This figure surpasses wife Sen. Hillary Rodham Clinton's print run for "Living History" that until now, is believed to have held the record for the biggest debut for a nonfiction book.
"Bookstores are demanding books and our aim is to meet that continuing demand," Paul Bogaards, executive director of publicity at publisher Alfred A. Knopf, said Thursday.
Knopf paid the former president a reported $10 million for "My Life," his 957-page memoir. The book already is in its third printing.
Published on Tuesday with a first printing of 1.5 million, "My Life" sold more than 400,000 copies in the United States on in its first day, the biggest debut ever for a nonfiction book and double that of "Living History."
The former first lady's book came out last year and has 2.3 million copies in print, according to her publisher, Simon & Schuster.
Reviewers have been unimpressed, but the former president almost certainly will earn back his advance.
Mr. Clinton is certainly doing all he can to push for bookseller history, givingand going on to hit the talk show and magazine interview circuit in a big way.
"That was just a simple day when I had to acknowledge to the people I loved most in the world that I had failed," he told Rather about his affair with Lewinsky. "I had done something bad, and I hadn't felt I could tell them about it before."
"I think what I should have said was the truth: I didn't violate the law, I didn't ask anybody else to violate the law, and that's all I should have said," Clinton told ABC's "Good Morning America" in an interview that aired Wednesday. "I should not have said what I did. I frankly was rattled and I'll regret it 'til the day I die."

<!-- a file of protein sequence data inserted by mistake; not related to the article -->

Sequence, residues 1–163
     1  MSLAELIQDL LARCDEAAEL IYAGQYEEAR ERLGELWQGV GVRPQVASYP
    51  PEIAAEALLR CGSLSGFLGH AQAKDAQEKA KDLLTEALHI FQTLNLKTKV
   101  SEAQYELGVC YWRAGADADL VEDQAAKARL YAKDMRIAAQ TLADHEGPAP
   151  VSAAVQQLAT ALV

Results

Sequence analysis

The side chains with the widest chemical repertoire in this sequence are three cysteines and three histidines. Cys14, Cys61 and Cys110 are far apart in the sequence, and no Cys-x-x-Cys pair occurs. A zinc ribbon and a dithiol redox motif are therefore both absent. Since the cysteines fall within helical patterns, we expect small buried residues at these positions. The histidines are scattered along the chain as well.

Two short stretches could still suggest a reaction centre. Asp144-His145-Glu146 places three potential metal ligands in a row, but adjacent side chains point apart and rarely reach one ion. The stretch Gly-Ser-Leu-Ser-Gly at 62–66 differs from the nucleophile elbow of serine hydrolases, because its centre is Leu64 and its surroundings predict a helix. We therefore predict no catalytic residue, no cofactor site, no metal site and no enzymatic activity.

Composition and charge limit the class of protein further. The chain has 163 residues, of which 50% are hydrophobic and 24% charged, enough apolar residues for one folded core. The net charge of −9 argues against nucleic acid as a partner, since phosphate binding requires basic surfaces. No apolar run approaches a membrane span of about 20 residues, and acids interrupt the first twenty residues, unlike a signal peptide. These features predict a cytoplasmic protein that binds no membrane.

He expressed concern for Lewinsky in an interview with NBC's "Today."
"She's an intelligent person, a fundamentally good person. What I hope is that she will not be sort of trapped in what Andy Warhol referred to as 'everyone's 15 minutes of fame,"' Clinton said.
But sales for "My Life" will almost certainly not approach the debut of "Harry Potter and the Order of the Phoenix," which sold an estimated 5 million copies on its first day.
Clinton was greeted by adoring crowds as he launched the tour for his autobiography on Tuesday in New York, with many readers getting up early or using their lunch breaks to buy it. Fans slipped him notes, pictures and leaned across the desk to say they loved him. One young woman was in tears, speechless, after her book was signed. Another was heard telling her friend, "That was intense! Oh, my God!"
Clinton later signed books at Hue-Man Bookstore near his office in Harlem, saying he was proud to once be described as "our first black president."
"I hope that this book will in some way be a gift to black America, that they'll understand that we can get together. We just have got to keep working at it," Clinton said.